Moscow Gay Pride Ban goes to European Court
An appeals court in Moscow upholds a lower court ruling today, stating that banning May’s gay pride parade was not illegal.
However, Dmitry Bartenev, a lawyer representing the groups, told the Russian news agency Novosti, “We intend to appeal shortly with the European Human Rights Court in Strasbourg to vindicate our rights, and also to lodge a complaint with the presidium of the Moscow City Court. We believe the decision it has handed down is against the law,”
Gay Pride organizers first went to court in May after the Moscow officials refused to grant a parade license, citing concerns about violence.
Despite the court ruling upholding the ban, an attempted parade was held on May 27. However it was soon stopped when police arrested marchers and counter protestors.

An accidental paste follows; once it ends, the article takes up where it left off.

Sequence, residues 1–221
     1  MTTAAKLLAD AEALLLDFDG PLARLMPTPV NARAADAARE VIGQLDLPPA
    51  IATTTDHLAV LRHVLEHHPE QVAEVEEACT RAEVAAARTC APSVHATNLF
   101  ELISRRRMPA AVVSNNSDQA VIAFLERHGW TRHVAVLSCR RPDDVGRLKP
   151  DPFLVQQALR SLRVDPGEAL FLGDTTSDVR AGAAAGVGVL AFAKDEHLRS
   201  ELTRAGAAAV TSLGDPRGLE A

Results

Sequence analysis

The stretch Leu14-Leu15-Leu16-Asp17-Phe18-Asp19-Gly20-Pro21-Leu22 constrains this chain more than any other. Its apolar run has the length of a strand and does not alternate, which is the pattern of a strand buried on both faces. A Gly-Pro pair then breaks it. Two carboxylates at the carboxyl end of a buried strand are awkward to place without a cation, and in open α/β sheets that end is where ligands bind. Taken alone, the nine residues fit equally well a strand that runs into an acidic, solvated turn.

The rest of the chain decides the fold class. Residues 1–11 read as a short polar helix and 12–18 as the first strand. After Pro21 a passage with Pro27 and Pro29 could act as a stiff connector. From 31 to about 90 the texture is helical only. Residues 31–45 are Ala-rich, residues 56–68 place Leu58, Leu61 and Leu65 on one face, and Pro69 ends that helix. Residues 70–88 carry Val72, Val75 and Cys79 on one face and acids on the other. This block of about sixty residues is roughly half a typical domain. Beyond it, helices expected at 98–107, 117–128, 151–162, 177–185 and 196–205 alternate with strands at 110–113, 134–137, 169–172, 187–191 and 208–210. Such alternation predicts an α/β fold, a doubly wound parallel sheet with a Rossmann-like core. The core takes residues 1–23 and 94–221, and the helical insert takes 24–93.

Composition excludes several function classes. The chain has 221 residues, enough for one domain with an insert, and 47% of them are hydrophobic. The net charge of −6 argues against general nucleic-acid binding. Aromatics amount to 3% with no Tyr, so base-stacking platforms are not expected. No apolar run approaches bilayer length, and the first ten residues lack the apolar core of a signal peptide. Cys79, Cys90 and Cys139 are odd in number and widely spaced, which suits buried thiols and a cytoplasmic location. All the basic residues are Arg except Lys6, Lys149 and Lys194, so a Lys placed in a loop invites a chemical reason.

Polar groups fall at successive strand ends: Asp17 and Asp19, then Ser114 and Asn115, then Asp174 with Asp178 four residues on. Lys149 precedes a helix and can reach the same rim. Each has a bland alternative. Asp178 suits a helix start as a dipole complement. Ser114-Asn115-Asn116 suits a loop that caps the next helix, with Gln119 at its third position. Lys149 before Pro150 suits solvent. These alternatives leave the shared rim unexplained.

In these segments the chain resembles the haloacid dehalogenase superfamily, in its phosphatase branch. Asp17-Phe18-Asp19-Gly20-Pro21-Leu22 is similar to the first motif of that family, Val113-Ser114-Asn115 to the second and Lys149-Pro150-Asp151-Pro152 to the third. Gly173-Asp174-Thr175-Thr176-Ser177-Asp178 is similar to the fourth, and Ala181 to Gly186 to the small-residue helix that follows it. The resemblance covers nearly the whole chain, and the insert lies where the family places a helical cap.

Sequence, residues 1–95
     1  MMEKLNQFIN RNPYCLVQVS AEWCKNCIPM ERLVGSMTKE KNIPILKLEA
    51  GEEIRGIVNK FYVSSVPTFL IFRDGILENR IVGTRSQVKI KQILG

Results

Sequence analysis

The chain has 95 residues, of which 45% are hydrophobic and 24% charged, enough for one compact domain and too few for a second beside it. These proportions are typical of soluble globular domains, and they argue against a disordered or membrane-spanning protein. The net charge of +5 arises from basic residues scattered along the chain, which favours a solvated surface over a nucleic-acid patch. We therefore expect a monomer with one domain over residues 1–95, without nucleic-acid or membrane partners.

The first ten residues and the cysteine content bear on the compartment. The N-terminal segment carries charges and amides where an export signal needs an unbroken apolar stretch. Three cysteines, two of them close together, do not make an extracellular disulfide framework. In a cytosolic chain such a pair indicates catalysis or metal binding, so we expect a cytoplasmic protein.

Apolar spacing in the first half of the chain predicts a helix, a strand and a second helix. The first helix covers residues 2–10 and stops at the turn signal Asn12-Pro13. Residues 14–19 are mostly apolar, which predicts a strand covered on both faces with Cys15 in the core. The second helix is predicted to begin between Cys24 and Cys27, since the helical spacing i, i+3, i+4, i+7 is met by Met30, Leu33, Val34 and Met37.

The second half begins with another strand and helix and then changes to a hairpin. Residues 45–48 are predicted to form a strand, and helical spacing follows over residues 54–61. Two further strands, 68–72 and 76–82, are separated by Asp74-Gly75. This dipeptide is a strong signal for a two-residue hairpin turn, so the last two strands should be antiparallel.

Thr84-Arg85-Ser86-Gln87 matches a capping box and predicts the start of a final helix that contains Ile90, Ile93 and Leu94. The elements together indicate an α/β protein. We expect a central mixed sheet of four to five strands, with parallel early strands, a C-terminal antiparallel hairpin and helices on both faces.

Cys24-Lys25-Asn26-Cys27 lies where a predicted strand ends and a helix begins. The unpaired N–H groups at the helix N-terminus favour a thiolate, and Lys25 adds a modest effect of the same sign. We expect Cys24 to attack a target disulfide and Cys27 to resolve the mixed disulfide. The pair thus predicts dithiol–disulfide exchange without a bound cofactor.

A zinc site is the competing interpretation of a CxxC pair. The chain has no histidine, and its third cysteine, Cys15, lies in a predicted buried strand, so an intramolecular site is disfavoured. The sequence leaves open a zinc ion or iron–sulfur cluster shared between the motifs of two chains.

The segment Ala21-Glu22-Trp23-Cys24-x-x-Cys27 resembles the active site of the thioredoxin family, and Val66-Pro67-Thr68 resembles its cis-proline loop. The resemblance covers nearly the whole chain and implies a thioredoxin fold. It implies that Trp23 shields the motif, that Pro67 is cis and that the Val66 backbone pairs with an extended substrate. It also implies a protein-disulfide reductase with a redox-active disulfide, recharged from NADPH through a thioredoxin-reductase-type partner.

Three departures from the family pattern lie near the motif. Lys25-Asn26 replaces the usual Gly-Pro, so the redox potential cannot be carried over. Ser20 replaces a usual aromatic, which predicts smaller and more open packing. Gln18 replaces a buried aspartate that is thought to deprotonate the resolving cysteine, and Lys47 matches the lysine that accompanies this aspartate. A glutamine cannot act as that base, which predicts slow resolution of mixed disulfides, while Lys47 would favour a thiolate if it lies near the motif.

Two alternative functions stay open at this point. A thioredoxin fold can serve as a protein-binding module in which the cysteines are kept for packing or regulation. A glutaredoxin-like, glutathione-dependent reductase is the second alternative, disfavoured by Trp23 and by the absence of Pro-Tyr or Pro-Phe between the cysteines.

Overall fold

Police then pushed the arrested gay marchers from the area, and into the hands of militant anti-gays who had gathered for a counter protest. As more than 1000 police attempted to clear the area at least one tear gas canister was set off by an anti-gay protestor.
Russia decriminalized homosexuality in 1993 following the fall of Communism. However, gay people still aren’t treated as well as their heterosexual counterparts.
Earlier in May police were forced to form a human chain when over 150 skinheads and Russian Orthodox Church supporters gathered outside a gay event at a Moscow club, holding a party/rally in conjunction with the Pride celebrations.
However, the skinheads became violent, hurling tomatoes and plastic bottles at the clubgoers, while members of the Church held religious icons and prayed.
One gay man was reportedly beaten unconscious.